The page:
O’Neil: Seahawks have a chance to revive their most important December tradition
Big, lopsided winning streaks used to be the Seahawks’ equivalent of egg nog.
They were a holiday tradition. An annual ritual that no one could fully explain any more than they could tell you why it didn’t happen at other times of the year, but it got to be so that just about every year, as soon as the calendar flipped to December, the Seahawks would start reeling off win after blowout win.
They won their final five games in 2012, including a three-game scoring binge in which they racked up 150 points. They won their final six games in 2014 by a combined score of 134-39 (!!!) and then, in 2015, they won six of their final seven games.
The past two seasons have been mediocre in comparison. Middle of the road, even. The Seahawks were 3-2 in December in 2016 and 2-3 in the final month last season, missing the playoffs for the first time in six years. But this weekend Seattle will ride a four-game win streak down to the Bay Area where they will play a three-win team named San Francisco in a stadium built next to a two-bit amusement park. If the Seahawks beat the 49ers they will clinch a playoff berth and match their longest win streak since December 2015.
Seattle’s holiday tradition will have officially been revived.
And really, this is one of the keys to understanding the Seattle Seahawks under Pete Carroll. His teams (almost) always get better. This speaks to not just the drafting that Seattle does, but the development of those young players. They improve. You can see it in the team’s record by month.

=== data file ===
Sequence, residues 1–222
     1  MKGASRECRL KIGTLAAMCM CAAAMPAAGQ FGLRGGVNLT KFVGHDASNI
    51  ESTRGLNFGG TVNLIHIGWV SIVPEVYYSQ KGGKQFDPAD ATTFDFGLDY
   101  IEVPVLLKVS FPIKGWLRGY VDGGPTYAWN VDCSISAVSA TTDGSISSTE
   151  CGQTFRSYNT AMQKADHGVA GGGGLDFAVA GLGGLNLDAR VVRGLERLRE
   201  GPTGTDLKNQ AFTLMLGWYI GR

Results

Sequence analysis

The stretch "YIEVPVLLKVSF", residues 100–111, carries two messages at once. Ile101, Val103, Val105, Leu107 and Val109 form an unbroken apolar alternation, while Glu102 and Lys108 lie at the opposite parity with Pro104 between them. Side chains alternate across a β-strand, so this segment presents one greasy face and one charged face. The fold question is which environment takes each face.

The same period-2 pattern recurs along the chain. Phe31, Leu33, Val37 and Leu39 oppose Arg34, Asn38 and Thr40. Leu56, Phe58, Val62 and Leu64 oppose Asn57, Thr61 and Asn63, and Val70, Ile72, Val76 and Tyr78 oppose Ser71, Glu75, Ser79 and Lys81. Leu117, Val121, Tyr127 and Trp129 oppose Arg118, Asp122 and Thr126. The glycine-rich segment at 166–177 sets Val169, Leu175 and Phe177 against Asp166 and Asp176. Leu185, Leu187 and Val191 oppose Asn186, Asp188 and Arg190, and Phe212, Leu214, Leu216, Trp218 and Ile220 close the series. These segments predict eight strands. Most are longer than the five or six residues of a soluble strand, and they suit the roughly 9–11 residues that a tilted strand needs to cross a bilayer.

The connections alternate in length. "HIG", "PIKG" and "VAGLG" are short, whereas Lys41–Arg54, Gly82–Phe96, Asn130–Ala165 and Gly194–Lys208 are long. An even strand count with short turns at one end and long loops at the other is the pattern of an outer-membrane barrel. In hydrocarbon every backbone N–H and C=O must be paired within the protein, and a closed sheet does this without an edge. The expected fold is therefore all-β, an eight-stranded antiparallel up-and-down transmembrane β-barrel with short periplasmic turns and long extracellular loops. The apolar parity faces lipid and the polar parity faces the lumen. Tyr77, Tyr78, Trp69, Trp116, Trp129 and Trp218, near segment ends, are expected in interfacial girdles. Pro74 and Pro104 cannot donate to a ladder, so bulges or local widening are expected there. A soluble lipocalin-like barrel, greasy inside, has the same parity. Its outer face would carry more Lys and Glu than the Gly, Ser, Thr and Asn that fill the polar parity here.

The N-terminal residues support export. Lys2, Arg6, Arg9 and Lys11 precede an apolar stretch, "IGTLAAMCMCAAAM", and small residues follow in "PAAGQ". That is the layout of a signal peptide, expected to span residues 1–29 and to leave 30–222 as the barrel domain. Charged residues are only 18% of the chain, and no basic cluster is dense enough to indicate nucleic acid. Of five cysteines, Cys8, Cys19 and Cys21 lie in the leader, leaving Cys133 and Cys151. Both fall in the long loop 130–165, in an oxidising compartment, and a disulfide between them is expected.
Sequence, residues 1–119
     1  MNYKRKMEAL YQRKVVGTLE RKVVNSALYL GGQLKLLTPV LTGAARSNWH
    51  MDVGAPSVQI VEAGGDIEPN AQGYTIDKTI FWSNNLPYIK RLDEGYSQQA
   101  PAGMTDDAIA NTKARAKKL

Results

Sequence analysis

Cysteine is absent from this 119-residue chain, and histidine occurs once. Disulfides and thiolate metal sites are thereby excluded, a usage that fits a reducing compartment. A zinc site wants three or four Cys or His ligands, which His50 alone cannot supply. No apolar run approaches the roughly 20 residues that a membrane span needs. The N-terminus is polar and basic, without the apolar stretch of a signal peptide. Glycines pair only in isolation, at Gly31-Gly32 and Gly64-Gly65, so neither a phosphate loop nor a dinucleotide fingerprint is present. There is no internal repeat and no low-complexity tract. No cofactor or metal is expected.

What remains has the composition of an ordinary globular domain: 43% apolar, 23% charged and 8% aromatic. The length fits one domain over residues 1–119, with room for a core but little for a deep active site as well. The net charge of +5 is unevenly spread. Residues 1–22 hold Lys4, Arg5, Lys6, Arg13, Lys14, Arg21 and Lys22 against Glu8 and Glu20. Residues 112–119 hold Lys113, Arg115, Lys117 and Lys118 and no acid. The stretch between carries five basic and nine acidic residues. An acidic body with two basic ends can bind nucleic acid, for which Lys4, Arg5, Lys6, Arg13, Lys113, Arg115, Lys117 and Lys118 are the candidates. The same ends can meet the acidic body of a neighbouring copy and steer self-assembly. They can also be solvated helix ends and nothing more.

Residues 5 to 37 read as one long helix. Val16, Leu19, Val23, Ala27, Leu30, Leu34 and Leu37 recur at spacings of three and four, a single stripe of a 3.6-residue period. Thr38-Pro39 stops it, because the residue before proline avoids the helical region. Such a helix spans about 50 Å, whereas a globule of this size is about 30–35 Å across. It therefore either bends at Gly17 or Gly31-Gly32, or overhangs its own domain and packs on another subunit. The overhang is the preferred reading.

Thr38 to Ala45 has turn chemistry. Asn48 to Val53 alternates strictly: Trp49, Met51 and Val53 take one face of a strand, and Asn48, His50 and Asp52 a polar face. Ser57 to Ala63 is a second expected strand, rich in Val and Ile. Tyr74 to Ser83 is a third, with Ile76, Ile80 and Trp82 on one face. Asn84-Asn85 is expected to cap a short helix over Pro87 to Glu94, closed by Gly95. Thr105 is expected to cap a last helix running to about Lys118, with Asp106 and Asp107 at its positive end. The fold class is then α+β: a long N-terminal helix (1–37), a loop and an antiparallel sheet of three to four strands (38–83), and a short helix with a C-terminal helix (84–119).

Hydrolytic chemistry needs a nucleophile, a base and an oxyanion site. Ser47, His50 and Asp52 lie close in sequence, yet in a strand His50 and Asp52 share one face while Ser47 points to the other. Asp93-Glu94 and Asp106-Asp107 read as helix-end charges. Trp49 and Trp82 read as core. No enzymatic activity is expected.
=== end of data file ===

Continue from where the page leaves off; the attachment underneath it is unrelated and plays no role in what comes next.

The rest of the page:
Since Carroll came to Seattle in 2010, the Seahawks are 17-13 (.567) in September, 21-14-1 (.583) in October, 22-13 (.629) in November and 27-13 (.675) in regular-season games played Dec. 1 or later.
That’s what made the past two years so puzzling because in each instance, the Seahawks tailed off. They peaked early. In 2016 it was a Sunday night victory in New England in mid-November that was the high-water mark and last year it was an early-December win at home over the eventual champs, the Philadelphia Eagles.
And for as much time as has been talking about the Seahawks and their culture and whether some of the team’s Pro Bowl veterans were as invested, the simple fact of how Seattle fared in December was all you needed to see to know it was time for a change. The Seahawks lost three of their final four games in 2016, showing that a team once known for its late-season surges was tailing off.
One year later, the Seahawks are again 8-5 entering the final three games, but the trajectory is totally different. Where Seattle was in the midst of a nosedive at this point last season, they’re just hitting their stride this year.
Look, no one thinks this team is back to being a Super Bowl favorite. Their quarterback is coming off what was the least productive game of his seven-year career and the defense is two weeks from letting some guy named Nick Mullens throw for 415 yards against them.
But this team is also getting better, and maybe Wilson’s game against the Vikings was an aberration and perhaps the defense’s performance will be a turning point.
There’s room to hope again. After all, it’s December and the Seahawks are a streaking.